Rieger begonias (Begonia hiemalis) are extended-blooming begonias that are extremely cold-sensitive and usually grown as houseplants. In some mild-winter regions, Rieger begonias can be grown in the ground outdoors. These perennial plants are hybrids of wax and tuberous begonias. The Rieger begonia typically blooms during winter but can bloom any time of year when it’s exposed to short daylight hours. Rieger begonias enjoy warm but not hot temperatures and can bloom for several months. These begonias typically grow 12 to 18 inches tall and wide.
Place your Rieger begonia in bright indirect light, such as in an east-facing window. Maintain daytime air temperatures around your Rieger begonia of 65 to 70 degrees F and slightly cooler to about 60 to 65 degrees F at night.
Water your Rieger begonia evenly and moderately until the water just begins to drain from the bottom of the pot. Water the begonia only frequently enough to keep the potting soil slightly moistened and to keep the soil from drying out completely.
Fertilize your Rieger begonia with a water-soluble houseplant or flower fertilizer while it’s actively growing. Follow the dosage instructions on the fertilizer label.
Cut back the Rieger begonia to about 3 inches beyond the crown after it finishes flowering. This will help the begonia to grow vigorously instead of declining after blooming.
Things You Will Need
- Water-soluble houseplant fertilizer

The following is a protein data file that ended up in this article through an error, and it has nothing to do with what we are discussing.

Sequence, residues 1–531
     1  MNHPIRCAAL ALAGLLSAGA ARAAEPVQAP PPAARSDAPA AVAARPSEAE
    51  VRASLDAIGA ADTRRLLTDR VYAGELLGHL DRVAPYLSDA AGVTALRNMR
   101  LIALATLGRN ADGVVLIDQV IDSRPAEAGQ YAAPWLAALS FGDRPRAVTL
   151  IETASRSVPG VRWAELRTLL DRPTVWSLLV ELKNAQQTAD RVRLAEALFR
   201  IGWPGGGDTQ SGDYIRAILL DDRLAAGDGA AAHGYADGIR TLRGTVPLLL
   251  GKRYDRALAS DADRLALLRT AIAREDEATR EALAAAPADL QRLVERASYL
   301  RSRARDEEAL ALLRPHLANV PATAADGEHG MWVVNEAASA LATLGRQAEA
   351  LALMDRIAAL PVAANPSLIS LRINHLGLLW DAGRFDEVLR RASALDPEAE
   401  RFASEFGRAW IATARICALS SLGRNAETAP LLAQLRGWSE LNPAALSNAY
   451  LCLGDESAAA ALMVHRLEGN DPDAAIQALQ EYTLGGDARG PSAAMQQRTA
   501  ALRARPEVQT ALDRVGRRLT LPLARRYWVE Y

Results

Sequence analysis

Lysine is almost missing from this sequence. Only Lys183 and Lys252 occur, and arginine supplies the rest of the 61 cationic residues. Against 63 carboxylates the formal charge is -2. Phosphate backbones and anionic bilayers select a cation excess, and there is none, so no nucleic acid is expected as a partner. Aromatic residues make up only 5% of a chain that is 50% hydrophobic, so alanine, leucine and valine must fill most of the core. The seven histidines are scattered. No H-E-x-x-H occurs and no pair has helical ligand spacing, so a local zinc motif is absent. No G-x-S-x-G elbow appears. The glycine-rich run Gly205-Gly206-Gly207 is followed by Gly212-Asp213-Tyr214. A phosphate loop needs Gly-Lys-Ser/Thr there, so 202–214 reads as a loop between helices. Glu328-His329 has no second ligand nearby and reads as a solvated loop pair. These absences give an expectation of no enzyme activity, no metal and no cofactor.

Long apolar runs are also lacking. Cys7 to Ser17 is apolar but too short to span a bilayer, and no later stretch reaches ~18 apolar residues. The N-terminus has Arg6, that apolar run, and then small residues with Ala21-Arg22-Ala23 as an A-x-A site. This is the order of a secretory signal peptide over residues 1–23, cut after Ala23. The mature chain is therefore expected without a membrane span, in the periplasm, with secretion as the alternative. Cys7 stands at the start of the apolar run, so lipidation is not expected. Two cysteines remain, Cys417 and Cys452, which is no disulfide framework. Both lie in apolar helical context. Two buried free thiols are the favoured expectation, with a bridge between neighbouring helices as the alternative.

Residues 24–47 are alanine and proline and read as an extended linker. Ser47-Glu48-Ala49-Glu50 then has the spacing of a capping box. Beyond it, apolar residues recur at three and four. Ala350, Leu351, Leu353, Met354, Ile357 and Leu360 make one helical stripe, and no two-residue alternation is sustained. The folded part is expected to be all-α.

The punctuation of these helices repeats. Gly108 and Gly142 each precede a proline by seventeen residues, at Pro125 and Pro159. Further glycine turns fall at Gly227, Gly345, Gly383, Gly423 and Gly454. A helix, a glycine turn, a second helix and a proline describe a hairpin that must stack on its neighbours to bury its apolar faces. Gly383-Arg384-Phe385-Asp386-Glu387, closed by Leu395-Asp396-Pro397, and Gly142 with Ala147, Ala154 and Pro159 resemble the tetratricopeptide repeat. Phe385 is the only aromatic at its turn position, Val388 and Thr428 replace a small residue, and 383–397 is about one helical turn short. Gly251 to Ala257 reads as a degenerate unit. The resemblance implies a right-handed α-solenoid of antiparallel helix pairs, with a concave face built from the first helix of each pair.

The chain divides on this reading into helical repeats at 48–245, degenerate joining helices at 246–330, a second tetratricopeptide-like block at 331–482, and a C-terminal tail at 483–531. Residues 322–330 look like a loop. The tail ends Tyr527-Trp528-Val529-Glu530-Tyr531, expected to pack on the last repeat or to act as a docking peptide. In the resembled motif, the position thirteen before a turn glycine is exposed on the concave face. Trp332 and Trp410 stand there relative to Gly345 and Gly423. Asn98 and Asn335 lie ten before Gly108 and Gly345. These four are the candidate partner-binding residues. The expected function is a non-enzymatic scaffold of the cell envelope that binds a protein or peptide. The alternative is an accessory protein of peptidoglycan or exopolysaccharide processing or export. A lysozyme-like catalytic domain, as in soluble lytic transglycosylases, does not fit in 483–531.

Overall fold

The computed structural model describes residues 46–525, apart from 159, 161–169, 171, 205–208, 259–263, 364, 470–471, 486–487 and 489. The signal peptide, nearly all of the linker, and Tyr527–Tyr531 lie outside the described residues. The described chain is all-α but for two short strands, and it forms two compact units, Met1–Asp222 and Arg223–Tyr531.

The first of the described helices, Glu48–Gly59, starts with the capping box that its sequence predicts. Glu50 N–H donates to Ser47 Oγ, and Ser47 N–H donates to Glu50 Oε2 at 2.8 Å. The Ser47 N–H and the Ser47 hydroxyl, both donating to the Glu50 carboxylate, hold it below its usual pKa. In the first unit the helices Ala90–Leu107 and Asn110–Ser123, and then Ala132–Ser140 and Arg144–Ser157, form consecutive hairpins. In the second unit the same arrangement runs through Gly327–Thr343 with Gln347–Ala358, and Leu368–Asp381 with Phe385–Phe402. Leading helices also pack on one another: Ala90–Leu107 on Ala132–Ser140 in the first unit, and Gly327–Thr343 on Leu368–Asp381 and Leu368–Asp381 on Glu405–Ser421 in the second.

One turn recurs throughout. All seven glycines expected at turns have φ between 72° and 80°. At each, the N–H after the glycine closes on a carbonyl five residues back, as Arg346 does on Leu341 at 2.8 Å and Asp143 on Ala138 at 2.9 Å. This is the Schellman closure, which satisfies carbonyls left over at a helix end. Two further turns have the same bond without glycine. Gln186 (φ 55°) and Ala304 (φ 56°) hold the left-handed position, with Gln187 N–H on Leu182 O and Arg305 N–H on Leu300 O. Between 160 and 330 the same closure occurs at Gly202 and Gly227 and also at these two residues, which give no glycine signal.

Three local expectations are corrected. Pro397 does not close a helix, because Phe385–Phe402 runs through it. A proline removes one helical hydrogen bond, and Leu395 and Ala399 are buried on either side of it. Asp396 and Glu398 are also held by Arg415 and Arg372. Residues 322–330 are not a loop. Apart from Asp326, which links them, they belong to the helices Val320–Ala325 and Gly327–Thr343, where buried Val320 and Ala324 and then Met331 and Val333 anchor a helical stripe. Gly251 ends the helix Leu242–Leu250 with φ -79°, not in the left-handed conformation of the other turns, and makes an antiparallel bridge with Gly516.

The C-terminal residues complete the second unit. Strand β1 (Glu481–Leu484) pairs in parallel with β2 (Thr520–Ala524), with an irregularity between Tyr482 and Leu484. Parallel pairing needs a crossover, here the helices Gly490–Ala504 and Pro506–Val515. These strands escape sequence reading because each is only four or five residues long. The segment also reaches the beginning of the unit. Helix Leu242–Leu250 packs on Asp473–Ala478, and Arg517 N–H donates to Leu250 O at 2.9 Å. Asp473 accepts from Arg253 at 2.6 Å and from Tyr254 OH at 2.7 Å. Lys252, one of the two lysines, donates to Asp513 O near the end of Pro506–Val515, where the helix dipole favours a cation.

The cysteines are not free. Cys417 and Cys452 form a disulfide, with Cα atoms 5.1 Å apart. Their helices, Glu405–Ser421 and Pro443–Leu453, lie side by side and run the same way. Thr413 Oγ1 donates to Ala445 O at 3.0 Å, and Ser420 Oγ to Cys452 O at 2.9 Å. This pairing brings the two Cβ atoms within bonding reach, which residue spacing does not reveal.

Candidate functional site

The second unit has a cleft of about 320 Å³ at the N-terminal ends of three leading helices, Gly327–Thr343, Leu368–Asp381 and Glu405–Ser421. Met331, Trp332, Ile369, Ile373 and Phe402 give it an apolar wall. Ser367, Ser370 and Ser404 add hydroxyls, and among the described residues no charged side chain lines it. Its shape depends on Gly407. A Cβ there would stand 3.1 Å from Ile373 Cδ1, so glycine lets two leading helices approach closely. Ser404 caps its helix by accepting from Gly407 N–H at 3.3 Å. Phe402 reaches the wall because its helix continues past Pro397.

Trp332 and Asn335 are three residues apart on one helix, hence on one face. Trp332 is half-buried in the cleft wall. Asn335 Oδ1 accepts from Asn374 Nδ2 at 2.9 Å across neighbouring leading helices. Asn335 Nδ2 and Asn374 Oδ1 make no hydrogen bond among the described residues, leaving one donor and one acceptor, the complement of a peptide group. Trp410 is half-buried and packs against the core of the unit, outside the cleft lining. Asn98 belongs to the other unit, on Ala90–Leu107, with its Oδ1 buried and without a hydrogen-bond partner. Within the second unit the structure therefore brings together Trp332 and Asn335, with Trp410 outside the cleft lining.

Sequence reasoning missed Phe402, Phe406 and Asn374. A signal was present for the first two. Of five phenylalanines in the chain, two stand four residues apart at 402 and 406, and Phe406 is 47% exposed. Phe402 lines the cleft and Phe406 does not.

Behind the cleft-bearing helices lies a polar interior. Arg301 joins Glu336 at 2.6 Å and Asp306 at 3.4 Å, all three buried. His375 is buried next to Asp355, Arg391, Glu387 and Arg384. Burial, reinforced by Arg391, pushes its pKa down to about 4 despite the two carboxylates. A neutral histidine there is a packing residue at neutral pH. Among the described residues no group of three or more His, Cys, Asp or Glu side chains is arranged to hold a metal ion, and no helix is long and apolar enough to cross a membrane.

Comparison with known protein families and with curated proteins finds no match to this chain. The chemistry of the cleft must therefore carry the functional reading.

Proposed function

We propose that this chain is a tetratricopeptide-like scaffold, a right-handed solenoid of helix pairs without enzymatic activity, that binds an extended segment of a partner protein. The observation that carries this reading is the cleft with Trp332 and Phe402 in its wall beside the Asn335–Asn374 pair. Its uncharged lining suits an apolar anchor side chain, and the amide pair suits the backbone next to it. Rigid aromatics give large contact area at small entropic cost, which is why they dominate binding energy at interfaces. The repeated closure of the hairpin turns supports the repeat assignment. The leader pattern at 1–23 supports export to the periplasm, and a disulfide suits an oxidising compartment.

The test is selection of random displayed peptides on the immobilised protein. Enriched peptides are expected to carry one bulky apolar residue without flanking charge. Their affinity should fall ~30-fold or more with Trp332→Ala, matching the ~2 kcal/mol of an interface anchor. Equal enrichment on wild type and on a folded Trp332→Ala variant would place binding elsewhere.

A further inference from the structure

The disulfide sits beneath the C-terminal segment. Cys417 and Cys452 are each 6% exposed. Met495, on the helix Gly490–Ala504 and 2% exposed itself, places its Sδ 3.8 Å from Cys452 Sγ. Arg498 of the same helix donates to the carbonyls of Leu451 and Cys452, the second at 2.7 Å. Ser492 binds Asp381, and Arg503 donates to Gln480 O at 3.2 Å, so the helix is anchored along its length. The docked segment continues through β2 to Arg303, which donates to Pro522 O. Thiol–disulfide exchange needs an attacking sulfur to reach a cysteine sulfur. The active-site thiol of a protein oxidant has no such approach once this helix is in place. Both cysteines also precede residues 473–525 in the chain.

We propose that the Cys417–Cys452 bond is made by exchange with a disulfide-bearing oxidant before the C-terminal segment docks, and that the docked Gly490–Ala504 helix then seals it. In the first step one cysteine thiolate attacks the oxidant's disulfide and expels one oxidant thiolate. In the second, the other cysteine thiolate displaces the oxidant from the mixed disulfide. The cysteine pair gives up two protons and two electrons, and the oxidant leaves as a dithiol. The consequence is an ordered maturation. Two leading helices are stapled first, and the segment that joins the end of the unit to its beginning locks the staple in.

- Pruning shears or scissors
- If the Rieger begonia's leaves begin to turn copper in color, it's in a spot with too much direct sunlight. If the leaves turn bluish-green and curl at the edges, you're over-fertilizing the begonia. If the flowers begin to drop off, the air temperature is too warm for the Rieger begonia.
- If you live in a mild-winter region and are growing the Rieger begonia outdoors, plant the begonias in partial sunlight to light shade and space the plants about 12 inches apart. Keep in mind that Rieger begonias can die from exposure to temperatures hotter than 90 degrees F or colder than 40 degrees F.
- Don't over-water your Rieger begonia because it's highly susceptible to root rot. Don't allow the potting soil to become soggy or allow the begonia to sit in water. You shouldn't water the plant from the bottom of the pot, either, because this will wet the roots excessively.
- Dry Out Begonia Bulbs for Storing
- Transplant Begonias
- Winter Care for Gerbera Daisies
- Begonia Diseases
- Care & Qualities of Mounding Begonias
- Winter Over Tuberous Begonias
- Get Rid of Mildew on Begonias Naturally
- Care for Evening Primrose
- Care for a Begonia X Tuberhybrida
- Indoor Begonia Care
- Plant Ranunculus Indoors
- Grow Ranunculus Asiaticus